“You cannot make a mistake,” Frederic Dezauzier assured my small group as we filed into a blending workshop at the Camus Cognac house. We must have looked intimidated by the sparkling clean room and the array of beakers and flasks waiting for us on an orderly workbench. I pushed memories of high school chemistry class out of my mind and concentrated on the four small glasses of amber liquid at each work station. “The best cognac is the cognac you prefer,” the former cellar master and global brand ambassador told us with a smile.
Founded in 1863, Camus is the largest Cognac house still in family hands. On a quick tour en route to the blending room, I learned that Ugni-Blanc, Colombard, and Folle Blanche are the three white grapes (above) most commonly used in making Cognac and that they grow in the abundantly sunny rolling hills surrounding the town of Cognac here in the Poitou-Charentes region of southwestern France. To intensify the grape flavor, wine from the grapes is double distilled in traditional red copper alembics (right). Each distillation concentrates the flavors into only one-third of the original volume of liquid.
Although it’s often said that wine is made in the vineyard, Cognac is truly a product of the blending room. Each bottle has a mix of different grapes and different vintages artfully combined by a cellar master with a refined sense of smell and taste and years of experience. Nothing to be intimidated about here.
For our workshop, Dezauzier (left) had selected four XO Cognacs from grapes grown in four of the six zones strictly delimited for Cognac production. Together they make up the Cognac AOC, which stands for appelation d’orgine contrôlée, or “controlled area of origin.” Each distillate had been aged from 6 to 18 years and I felt a little more confident knowing that we had such good spirits to start with.
Dezauzier instructed us to first sniff and then sip each of our choices and to compare them to each other as we made our way down the line of glasses. Each was surprisingly different and Dezauzier described them with unpretentious good humor. The slightly salty yet sweet Fins Bois, he said, “was like a teenager, very enthusiastic and with a good body.” The delicate Borderies had a feminine quality and a floral hint of violets. More acid than the first two, Petite Champagne required longer aging to smooth out its masculine cedar aroma, which Dezauzier likened to a cigar box. Dezauzier was careful to be impartial, but I sensed that his heart belonged to the spicy Grande Champagne, which had been aged the longest and was redolent of cinnamon, dried fruit, and toasted almond.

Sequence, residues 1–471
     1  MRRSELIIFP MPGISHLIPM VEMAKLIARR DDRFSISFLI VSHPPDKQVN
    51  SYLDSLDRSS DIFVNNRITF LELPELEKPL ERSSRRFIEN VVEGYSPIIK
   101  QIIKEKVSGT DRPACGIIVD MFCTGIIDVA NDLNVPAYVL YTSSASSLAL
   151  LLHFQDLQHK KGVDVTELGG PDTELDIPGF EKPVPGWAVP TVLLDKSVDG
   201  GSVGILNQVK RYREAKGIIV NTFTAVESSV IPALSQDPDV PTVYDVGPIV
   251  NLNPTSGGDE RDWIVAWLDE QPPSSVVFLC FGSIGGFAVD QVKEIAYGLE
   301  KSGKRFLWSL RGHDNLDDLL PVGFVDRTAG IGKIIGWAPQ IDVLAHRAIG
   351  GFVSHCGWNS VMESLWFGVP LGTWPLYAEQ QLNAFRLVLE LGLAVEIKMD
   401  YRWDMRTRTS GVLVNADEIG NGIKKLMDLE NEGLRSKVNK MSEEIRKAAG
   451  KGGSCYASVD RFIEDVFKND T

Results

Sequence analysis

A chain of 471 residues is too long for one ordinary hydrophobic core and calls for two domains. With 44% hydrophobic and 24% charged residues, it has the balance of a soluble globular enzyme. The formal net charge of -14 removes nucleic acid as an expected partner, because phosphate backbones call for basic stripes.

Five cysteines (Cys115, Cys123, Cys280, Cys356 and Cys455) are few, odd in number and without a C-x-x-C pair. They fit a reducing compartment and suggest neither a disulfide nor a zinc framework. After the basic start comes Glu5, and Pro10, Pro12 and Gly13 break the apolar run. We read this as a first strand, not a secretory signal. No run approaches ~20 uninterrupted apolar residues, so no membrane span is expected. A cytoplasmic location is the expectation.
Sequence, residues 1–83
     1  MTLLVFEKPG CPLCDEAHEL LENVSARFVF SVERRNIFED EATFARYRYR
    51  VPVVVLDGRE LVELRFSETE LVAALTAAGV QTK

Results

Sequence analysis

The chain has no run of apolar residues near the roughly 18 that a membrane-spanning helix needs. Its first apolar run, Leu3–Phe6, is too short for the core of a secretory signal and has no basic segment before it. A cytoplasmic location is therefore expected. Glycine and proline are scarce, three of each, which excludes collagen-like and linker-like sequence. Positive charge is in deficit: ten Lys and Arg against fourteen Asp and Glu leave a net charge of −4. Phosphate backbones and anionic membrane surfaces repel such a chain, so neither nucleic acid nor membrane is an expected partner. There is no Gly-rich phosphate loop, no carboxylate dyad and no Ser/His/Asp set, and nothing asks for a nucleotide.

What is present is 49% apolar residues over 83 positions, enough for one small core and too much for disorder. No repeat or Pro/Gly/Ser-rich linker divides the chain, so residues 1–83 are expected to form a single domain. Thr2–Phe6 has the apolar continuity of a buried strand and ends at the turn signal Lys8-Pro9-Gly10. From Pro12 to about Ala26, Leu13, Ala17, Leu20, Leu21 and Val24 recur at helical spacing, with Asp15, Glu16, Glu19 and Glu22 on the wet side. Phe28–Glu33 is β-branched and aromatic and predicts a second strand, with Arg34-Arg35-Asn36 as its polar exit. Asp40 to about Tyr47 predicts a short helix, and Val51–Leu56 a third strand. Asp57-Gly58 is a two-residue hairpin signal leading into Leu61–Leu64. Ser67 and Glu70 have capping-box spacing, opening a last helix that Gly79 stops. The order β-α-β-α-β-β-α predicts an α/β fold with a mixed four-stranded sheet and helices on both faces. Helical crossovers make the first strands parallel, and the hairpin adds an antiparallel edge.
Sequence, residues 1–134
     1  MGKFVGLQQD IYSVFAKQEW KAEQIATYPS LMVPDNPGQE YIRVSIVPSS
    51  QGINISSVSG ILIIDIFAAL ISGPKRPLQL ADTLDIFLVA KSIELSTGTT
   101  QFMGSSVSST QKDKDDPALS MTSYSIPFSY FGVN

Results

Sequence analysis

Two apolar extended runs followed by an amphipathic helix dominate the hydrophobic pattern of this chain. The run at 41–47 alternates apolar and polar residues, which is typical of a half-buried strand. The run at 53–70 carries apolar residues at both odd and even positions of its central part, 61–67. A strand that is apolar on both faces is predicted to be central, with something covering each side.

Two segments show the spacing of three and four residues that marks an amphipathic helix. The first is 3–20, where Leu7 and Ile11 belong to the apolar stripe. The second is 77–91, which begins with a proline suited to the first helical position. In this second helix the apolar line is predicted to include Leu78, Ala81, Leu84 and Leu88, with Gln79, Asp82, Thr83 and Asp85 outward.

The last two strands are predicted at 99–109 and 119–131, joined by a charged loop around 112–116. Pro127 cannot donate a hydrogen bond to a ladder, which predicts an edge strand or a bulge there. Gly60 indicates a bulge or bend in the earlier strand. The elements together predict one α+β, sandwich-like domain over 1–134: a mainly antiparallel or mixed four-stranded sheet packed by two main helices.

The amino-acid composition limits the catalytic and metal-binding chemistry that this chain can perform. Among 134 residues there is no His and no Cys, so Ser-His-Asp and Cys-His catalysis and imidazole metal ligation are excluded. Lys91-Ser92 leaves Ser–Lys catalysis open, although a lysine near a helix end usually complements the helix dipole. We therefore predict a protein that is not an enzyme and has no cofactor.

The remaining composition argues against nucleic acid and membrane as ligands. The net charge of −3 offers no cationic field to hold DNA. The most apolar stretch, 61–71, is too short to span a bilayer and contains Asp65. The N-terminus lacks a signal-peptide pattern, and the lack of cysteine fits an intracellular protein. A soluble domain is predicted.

In the end I decided on a little gender blending. I took my beaker to the large barrels in one corner of the room and released the spigot to mix 200 ml of Petite Champagne with 300 ml of Borderies. Using a funnel, I poured my blend into my bottle. Each formula was duly noted in the Camus record book. I’ve yet to taste my bottle (which fortunately survived the flight home in my checked luggage), but I may have to amend Dezauzier’s pronouncement: The best cognac may be the one you make yourself.
For information on tours, tastings, and the Master Blender Workshop see www.camus.fr.